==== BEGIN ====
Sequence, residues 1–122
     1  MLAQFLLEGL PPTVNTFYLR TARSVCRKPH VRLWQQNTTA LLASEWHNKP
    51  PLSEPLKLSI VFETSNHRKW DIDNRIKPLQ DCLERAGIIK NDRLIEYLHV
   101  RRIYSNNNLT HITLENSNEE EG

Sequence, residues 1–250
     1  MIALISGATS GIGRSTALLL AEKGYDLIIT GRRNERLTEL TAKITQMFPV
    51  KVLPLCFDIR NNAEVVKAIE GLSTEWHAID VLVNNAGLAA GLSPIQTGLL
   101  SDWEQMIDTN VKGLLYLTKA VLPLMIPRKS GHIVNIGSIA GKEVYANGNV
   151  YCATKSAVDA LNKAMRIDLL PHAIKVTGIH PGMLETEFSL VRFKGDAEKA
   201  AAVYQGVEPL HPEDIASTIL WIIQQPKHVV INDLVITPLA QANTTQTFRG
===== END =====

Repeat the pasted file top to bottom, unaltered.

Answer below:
Sequence, residues 1–122
     1  MLAQFLLEGL PPTVNTFYLR TARSVCRKPH VRLWQQNTTA LLASEWHNKP
    51  PLSEPLKLSI VFETSNHRKW DIDNRIKPLQ DCLERAGIIK NDRLIEYLHV
   101  RRIYSNNNLT HITLENSNEE EG

Sequence, residues 1–250
     1  MIALISGATS GIGRSTALLL AEKGYDLIIT GRRNERLTEL TAKITQMFPV
    51  KVLPLCFDIR NNAEVVKAIE GLSTEWHAID VLVNNAGLAA GLSPIQTGLL
   101  SDWEQMIDTN VKGLLYLTKA VLPLMIPRKS GHIVNIGSIA GKEVYANGNV
   151  YCATKSAVDA LNKAMRIDLL PHAIKVTGIH PGMLETEFSL VRFKGDAEKA
   201  AAVYQGVEPL HPEDIASTIL WIIQQPKHVV INDLVITPLA QANTTQTFRG